BLOG TOUR - On Location with The String Diaries

So today is devoted to the amazing book The String Diaries, 

Check out my post here for my 5 star review and below? 

Well you are in for a treat!!

Stephen Lloyd Jones very kindly wrote a piece on his amazing story covering the different locations the book visits throughout its thrilling journey, notably Snowdonia, Hungary and Oxford.

On location with The String Diaries

I’ve always been interested in the impact a book’s setting can have on its narrative and tone. When I think of my favourite novels, I know an important part of the enjoyment came from the places I visited within their pages.

Often, a book’s setting can become a character in its own right: consider the Overlook Hotel in Stephen King’s The Shining, or the Victorian London of Dickens’s works; they breathe character, become living entities in themselves.

In my novel The String Diaries, published by Headline this July, setting plays an important role too. What follows is a brief tour of its locations, along with the reasons I chose them.

Cadair Idris, Snowdonia.

The String Diaries opens with a young mother, Hannah Wilde, driving through the Welsh mountains at night, pursued by a man who has murdered the last five generations of her family. On the passenger seat her husband bleeds from terrible injuries sustained earlier that evening. Hannah knows that if she stops to treat his wounds, the delay might kill them. Yet if she doesn’t, he will certainly die.

I have Welsh ancestry, as you may have guessed from my name. While my dad grew up in South Wales, our family’s roots are sunk deep into the mountainous north. As a child, I spent many holidays in the region, so when I was considering a location for the novel’s opening scenes, Snowdonia seemed a natural choice.

I love the mythology and superstitions linked to the mountain of Cadair Idris in the range’s southern reaches. The spectral hounds of the Cŵn Annwn are said to hunt on its slopes, and legend tells that anyone who sleeps on the summit will wake the next morning either a poet or insane. A dragon - Afanc – supposedly sleeps below the surface of Llyn Cau, the mountain’s highest lake.

Cadair Idris, Snowdonia. Source: Wikimedia Commons.

Llyn Cau, Snowdonia. Source: Wikimedia Commons.


I’m not an Oxford graduate, but I’ve always been drawn to the romance and mystery of the city’s academic tradition. Balliol college was an obvious candidate for the scenes where Professor Charles Meredith and Nicole Dubois research the dark mythology that lies at The String Diaries’ heart.

Another important scene takes place in an Oxford pub. As a fan of The Hobbit since childhood, I couldn’t resist using the Eagle and Child in St Giles where Tolkien, C S Lewis and others met for beer and conversation during their Inklings sessions. (It’s also the place where the first proofs of The Lion, The Witch and The Wardrobe were shared.) I’ve had a fair few pints in the Eagle and Child over the years, hoping for a kind of literary osmosis to overcome me. If you haven’t been, it’s well worth a visit.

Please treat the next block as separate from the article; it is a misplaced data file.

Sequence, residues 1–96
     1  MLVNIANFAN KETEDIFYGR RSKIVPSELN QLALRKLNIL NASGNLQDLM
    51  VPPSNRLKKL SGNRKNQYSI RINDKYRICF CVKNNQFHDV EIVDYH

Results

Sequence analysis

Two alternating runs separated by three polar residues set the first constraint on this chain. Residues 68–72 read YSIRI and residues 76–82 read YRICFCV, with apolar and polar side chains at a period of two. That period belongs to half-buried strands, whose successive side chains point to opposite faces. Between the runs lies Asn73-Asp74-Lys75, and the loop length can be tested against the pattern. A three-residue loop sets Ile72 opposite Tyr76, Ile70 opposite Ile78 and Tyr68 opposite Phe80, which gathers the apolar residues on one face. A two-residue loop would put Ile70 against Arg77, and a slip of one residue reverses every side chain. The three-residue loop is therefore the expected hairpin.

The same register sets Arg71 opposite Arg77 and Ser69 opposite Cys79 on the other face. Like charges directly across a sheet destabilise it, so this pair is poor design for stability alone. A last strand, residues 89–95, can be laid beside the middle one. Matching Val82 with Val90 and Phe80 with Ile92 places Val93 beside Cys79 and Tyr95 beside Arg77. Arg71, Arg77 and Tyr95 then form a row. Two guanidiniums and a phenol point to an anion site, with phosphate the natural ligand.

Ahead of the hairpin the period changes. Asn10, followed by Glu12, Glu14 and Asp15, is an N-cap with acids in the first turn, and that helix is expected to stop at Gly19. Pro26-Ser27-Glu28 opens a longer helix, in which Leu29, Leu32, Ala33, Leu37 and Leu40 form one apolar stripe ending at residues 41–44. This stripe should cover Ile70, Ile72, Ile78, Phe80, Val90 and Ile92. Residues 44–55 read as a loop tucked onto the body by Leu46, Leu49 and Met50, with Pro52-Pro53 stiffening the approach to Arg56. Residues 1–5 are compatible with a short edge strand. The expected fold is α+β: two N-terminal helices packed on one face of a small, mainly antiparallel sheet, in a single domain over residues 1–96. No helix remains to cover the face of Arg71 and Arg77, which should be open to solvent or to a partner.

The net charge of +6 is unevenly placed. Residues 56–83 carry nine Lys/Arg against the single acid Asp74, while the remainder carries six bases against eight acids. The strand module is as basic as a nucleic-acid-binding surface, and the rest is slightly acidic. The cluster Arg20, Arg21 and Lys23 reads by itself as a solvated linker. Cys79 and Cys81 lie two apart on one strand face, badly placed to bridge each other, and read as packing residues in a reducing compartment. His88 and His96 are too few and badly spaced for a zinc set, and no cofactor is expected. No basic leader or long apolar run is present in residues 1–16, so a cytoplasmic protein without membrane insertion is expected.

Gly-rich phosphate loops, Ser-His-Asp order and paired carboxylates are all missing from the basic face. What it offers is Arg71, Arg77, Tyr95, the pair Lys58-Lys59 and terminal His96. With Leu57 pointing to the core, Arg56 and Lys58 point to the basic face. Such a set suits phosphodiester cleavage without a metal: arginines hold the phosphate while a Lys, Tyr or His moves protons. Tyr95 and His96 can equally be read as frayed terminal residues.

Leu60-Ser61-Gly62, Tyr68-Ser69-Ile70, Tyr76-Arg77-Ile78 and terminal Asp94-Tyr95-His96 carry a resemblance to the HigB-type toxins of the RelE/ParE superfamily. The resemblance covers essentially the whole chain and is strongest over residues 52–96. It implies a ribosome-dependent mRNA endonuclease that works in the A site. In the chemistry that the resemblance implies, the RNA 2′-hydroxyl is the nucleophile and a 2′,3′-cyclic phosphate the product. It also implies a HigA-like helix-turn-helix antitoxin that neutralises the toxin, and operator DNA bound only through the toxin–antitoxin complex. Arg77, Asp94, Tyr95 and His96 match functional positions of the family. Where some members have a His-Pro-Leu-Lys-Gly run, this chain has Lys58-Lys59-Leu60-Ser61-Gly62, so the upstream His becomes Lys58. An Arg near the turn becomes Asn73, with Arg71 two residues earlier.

Readers of the novel will also visit the Oxford Botanic Garden, where plants have been grown for medicinal research since the seventeenth century; incidentally, the garden also contains the bench where Lyra and Will agreed to meet, each year in their respective worlds, in Philip Pullman’s The Amber Spyglass.

Oxford’s Spires. Source: Photo by DAVID ILIFF. License: CC-BY-SA 3.0

Eagle and Child Public House, Oxford. Source: Wikimedia Commons.

The Danby Gate in the Oxford Physic Garden. Source: Wikimedia Commons.

Balliol College, Oxford. Source: Wikimedia Commons.


Although The String Diaries is, for the most part, a contemporary thriller, a few chapters reach back in time to the source of its core mythology. Like so many myths or folktales, the legend of the hosszú életek has been corrupted, over the years, by the mouths of those who have spoken it, until no one is entirely sure of its origins.

I filled countless notebooks with thoughts and scraps of information, but it was only when I visited Hungary in early 2010 that I decided on a geographical source. The country, with its rich and turbulent past, felt like the perfect place for a mythology such as the hosszú életek’s to evolve. Budapest, too, with its grand architecture and unique position along the Danube, offered a plethora of dramatic backdrops: Buda Castle, the Hungarian State Opera House, Széchenyi Bathhouse, the spectacular Lake Balaton a hundred miles or so to the southwest; they’re exceptionally inspiring locales, and they all make an appearance in the book.

I hope you’ll enjoy spending time in these places as much as I have.

Buda Castle. Source: Flickr.

Széchenyi Chain Bridge, Budapest. Source: Wikimedia Commons.

The Ballroom in Buda Castle, circa 1894. Source: FSZEK fotoarchive.

Hungarian State Opera House. Source: Wikicommons.

Lake Balaton, Hungary. Source: Wikicommons.


Thank you to Elizabeth Masters at Headline / Tinder Press


  1. Fascinating post. I so enjoyed reading 'The String Diaries' and this helps bring it even more to life.

    1. Thank you for reading! Yes you are right it makes it even more real!


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